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Jia-jing: Year 28, Month 7, Day 5

28 Jul 1549

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Initially, the Vice Censor-in-chief of the Right Zhu Wan, regional inspecting censor of Zhe-jiang and Fu-jian, had reported victory in capturing the yi kings of Wu Yu (浯嶼夷王). Subsequently, he memorialized:

"The yi have brought harm to all China and the coastal residents have been successively inveigled by them. For example, there are La-da and Lin Gong on Chang Yu who go backwards and forwards providing supplies. There is also the evil person Yao Guang-rui (Alt: Yao Guang-duan) and 110-plus other unthinking persons on Da-dan Yu. Now, if we are to prevent future calamities we should draw the cord and pull out the roots so that we can be forever rid of the cause of the problems. It is requested that the matter be sent to the legal offices for deliberation, so that the punishments provided by the statutes and the laws can be used to awe the evil-doers."

Wan was subsequently removed from his post. The Censorate proposed:

"The inspecting censor of Fu-jian should be ordered to pass on to the officials superintending the maritime route and the military commission the task of capturing the previously-mentioned evil persons and the local gentry who provide sanctuary for them, so that they can all be subject to the punishment of the law. As to the three kings of the country of Fo-lang-ji who have been captured, their violations should be investigated and they should be clearly subject to the laws of the country. Also, orders should be sent to all places noting that whoever is able to inform of or capture major evil-doers will be greatly rewarded, while those evil-doers who give themselves up and change their ways shall be exempted from punishment. Coastal calamities occur all along the Zhe-jiang and Fu-jian coasts, and the pirates can move from one area to another. The various officials of the two provinces should be ordered to jointly deliberate on arrangements and carry out their actions in concert."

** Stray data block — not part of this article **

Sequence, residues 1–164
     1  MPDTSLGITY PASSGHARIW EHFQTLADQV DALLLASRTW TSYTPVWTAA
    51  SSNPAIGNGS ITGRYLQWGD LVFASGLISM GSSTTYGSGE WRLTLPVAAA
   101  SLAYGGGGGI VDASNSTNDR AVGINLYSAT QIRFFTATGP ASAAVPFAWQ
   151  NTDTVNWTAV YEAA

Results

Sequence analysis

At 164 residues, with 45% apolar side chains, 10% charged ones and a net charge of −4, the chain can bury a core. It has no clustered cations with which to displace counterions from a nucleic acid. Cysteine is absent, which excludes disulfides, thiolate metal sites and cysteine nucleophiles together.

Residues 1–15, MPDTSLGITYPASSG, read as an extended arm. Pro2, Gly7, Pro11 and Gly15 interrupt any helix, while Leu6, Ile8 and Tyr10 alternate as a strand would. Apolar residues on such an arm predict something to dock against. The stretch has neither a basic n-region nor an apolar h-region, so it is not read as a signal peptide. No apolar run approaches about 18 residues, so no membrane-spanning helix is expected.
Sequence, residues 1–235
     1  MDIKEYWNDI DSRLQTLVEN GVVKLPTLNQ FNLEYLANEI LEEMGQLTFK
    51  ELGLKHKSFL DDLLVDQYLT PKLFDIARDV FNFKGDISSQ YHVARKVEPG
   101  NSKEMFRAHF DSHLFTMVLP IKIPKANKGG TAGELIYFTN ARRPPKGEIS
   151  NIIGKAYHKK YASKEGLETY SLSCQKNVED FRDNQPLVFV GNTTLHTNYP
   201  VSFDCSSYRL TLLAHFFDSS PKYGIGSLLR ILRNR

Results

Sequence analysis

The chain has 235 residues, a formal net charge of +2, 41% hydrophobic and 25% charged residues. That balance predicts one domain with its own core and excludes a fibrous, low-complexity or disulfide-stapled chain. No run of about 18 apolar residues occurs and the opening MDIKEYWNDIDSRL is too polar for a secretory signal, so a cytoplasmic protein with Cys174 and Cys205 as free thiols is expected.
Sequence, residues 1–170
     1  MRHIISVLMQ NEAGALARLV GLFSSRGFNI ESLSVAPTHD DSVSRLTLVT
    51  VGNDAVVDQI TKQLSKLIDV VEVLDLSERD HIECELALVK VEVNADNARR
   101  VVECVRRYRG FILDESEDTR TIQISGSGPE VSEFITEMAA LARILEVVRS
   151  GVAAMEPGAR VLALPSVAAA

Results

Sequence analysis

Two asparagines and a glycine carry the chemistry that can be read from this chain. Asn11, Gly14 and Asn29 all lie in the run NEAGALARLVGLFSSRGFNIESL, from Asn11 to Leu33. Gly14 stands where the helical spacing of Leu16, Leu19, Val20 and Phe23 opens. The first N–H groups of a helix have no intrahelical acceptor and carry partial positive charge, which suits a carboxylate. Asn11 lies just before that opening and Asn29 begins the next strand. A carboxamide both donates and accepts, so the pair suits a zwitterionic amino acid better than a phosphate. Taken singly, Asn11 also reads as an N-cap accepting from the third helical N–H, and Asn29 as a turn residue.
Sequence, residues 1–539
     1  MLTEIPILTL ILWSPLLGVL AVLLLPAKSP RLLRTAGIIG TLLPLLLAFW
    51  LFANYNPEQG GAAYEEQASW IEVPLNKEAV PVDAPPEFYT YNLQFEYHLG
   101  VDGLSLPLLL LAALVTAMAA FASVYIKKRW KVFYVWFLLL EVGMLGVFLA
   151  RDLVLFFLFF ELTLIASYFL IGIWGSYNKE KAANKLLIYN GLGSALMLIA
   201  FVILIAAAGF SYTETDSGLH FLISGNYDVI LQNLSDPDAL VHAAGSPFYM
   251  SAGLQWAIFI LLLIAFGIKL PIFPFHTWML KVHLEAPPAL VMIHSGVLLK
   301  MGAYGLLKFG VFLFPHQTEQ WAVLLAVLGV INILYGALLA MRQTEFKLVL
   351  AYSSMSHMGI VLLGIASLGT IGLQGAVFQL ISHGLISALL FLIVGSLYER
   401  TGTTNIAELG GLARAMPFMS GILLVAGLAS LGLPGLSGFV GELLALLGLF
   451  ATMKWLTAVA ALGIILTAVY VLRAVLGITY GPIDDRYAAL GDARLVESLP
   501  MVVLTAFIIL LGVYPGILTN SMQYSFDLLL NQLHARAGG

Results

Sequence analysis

This was approved.... Note: The maritime troubles had their origins with the mainland evil merchants Wang Zhi and Xu Hai, who frequently travelled illegally taking Chinese valuables and trading them with the fan merchants. They had as their patron (主) a Mister Xie, of Yu-yao. For some time, Mr. Xie held down the prices paid, but subsequently these several bandits made great demands on him. Mr. Xie considered that the demands were excessive and he could not recover costs and thus, to scare them, said: "I am going to report you to the authorities". These several bandits were hateful and frightened and so they called together their gang members and thefan merchants and at night attacked Mr. Xie's residence, burning his house, killing several men and women and engaging in great pillage before departing. The county officials hurriedly advised the upper levels, noting: "Japanese bandits have attacked". The Regional Inspector [Zhu] Wan issued an order requiring that the bandits be captured speedily. He also ordered that coastal residents who had heretofore been in contact with fan persons could all admit their crimes and inform on others.

Thus, the people were in a panic and laid accusations against each other, even falsely accusing good citizens. These several bandits were afraid that the government forces would capture them, so they enticed some yi from the islands and some of the major maritime bandits and, together, they engaged in plunder everywhere. They came ashore with the tide and operated under the name of Japanese bandits (倭寇). Actually, very few of them were Japanese. At this time, the seas had long been at peace and people were unfamiliar with how to defend themselves. As soon as they heard that bandits had arrived, they would all scurry away and the houses and cottages would be left empty. When government troops defended against them, the bandits would scatter with the winds. They spread throughout the seas off Fu-jian and between Zhe-jiang and Zhi-li.....

Shi-zong: juan 350.1a-2a

Zhong-yang Yan-jiu yuan Ming Shi-lu, volume 85, page 6325/27

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Preferred form of citation for this entry:

Geoff Wade, translator, Southeast Asia in the Ming Shi-lu: an open access resource, Singapore: Asia Research Institute and the Singapore E-Press, National University of Singapore, http://epress.nus.edu.sg/msl/reign/jia-jing/year-28-month-7-day-5, accessed November 18, 2018